- Series: Weyerhaeuser Environmental Books
- Paperback: 376 pages
- Publisher: University of Washington Press (January 1, 2008)
- Language: English
- ISBN-10: 0295988126
- ISBN-13: 978-0295988122
- Product Dimensions: 6 x 0.9 x 9 inches
- Shipping Weight: 1.2 pounds (View shipping rates and policies)
- Average Customer Review: 10 customer reviews
- Amazon Best Sellers Rank: #401,263 in Books (See Top 100 in Books)
To get the free app, enter your mobile phone number.
Native Seattle: Histories from the Crossing-Over Place (Weyerhaeuser Environmental Books)
Use the Amazon App to scan ISBNs and compare prices.
Frequently bought together
Customers who bought this item also bought
"The accomplishments of this book are many, most notably the merging of Native American and urban history, which for too long have developed as fields isolated from one another, or have even been considered antithetical. Furthermore, Thrush writes with great skill, combining an engaging narrative with sharp analysis that moves fluidly between social and cultural history. The end result is that this is a book that will serve a variety of audiences, including scholars across a range of disciplines and fields, undergraduates in urban studies and Native American studies courses, and interested readers among the general public."―H-Net H-Urban
"This masterfully written study will appeal to those interested in the history of the Pacific Northwest, cities, and American Indians . . . . By including environmental and cultural information about local, indigenous place-names, this important atlas dovetails with the overall goal of this study, helping others see more than the stereotypes they expect to see."―Western Historical Quarterly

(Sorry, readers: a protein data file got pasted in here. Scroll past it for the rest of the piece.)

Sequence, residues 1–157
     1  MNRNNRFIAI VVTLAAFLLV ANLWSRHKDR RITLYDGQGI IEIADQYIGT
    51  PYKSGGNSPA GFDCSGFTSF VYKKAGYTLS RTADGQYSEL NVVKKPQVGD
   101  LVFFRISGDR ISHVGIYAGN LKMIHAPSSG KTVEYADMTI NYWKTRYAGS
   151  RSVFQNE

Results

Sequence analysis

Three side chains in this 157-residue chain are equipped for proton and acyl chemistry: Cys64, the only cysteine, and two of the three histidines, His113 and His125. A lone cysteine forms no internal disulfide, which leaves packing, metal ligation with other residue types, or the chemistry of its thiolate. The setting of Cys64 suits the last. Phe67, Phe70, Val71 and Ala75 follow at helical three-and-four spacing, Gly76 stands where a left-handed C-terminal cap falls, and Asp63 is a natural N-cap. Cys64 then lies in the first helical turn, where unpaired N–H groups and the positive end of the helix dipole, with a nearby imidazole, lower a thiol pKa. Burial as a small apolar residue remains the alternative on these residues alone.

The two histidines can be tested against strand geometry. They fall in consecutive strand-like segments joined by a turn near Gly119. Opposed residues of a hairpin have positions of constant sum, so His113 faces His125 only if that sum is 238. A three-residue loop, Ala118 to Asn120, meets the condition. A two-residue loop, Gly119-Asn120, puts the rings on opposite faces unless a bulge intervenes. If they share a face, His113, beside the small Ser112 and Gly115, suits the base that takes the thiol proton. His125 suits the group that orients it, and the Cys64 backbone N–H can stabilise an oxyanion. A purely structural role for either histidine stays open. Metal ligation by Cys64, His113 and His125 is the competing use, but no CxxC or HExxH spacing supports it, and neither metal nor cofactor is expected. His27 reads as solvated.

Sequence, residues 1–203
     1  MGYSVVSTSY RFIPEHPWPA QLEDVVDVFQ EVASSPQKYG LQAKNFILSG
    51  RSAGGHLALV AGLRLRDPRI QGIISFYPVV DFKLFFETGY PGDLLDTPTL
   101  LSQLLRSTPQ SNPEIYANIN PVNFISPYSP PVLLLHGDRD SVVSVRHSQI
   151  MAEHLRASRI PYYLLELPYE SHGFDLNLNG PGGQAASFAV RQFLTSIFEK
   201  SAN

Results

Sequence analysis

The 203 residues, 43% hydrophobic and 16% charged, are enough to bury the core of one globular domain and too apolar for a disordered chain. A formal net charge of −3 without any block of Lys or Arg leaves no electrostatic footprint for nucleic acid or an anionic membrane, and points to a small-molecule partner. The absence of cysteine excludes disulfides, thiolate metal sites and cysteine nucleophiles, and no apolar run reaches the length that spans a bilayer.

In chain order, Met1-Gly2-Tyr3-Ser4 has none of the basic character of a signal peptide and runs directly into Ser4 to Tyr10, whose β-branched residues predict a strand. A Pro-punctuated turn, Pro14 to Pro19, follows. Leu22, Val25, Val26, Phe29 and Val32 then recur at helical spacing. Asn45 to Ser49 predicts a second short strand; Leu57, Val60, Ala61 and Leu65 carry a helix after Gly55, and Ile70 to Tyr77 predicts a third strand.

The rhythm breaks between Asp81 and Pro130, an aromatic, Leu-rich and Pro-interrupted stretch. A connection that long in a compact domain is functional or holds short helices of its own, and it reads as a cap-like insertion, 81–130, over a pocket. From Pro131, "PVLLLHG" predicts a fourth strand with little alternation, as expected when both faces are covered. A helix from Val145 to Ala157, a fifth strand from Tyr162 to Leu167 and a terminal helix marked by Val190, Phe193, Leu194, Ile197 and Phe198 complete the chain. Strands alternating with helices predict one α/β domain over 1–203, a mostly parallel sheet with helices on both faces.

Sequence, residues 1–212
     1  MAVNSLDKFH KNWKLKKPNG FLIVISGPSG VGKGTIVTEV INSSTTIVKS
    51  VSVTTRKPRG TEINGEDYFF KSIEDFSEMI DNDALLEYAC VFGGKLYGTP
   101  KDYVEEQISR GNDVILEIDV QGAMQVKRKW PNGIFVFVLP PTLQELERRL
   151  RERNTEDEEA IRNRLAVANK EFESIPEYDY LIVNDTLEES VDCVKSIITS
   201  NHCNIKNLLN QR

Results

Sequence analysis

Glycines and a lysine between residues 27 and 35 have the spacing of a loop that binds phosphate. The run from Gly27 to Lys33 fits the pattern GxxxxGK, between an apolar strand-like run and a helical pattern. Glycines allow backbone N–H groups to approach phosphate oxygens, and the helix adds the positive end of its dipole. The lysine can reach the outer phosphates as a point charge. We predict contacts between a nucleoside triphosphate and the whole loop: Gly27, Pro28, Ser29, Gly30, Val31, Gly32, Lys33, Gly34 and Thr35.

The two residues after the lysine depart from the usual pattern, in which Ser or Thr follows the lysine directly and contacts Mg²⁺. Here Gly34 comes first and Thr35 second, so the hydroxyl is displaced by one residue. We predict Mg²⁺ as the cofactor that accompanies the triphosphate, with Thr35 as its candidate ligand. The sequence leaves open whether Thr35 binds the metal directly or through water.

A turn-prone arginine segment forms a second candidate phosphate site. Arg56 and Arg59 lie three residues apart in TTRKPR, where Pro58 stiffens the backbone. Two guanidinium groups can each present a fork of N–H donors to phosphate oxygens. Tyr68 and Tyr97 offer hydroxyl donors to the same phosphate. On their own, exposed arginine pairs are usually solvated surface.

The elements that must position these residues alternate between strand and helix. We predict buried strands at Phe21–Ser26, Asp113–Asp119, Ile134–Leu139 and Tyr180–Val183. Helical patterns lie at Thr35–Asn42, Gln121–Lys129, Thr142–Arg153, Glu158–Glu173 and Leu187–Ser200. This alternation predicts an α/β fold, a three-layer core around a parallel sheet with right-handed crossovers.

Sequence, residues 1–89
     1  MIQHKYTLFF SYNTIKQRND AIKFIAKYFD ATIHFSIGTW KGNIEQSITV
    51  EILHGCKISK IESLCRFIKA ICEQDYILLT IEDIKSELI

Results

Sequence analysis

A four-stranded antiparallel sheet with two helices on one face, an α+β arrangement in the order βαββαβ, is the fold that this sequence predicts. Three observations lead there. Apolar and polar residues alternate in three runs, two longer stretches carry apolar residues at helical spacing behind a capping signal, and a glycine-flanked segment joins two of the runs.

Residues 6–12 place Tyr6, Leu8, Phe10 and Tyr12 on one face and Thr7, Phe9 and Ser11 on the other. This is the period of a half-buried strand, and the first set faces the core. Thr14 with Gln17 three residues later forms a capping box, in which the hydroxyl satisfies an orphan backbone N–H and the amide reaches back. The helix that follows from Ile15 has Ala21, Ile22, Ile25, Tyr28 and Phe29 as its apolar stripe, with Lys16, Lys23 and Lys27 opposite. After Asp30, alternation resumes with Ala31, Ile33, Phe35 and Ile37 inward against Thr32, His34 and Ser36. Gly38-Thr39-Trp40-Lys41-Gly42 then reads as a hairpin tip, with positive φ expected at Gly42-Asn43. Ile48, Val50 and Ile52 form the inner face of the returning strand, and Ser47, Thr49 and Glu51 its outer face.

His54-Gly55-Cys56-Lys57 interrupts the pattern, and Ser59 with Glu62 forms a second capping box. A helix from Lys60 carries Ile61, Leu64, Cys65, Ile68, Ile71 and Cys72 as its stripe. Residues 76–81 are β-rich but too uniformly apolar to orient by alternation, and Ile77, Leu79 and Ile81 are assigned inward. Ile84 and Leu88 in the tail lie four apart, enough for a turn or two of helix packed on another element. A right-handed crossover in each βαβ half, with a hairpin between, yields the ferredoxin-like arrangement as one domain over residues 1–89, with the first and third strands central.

"Thrush demonstrates how Seattle's native and non-white population are related, and how agency continues to exist in communities circumscribed by the dominant population. In this sense, Native Seattle is a model that deserves attention."―H-Net
"Native Seattle is not an ordinary narrative of Seattle history. It has an environmental outlook, yes, but it also contains elements of Native American history, urban history, and geography. Thrush may have created a new field, the urban indigenous frontier . . . . Thrush makes his points and he cinches them up with argument and evidence, not the least of which are 32 well-chosen illustrations."―Columbia: The Magazine of Northwest History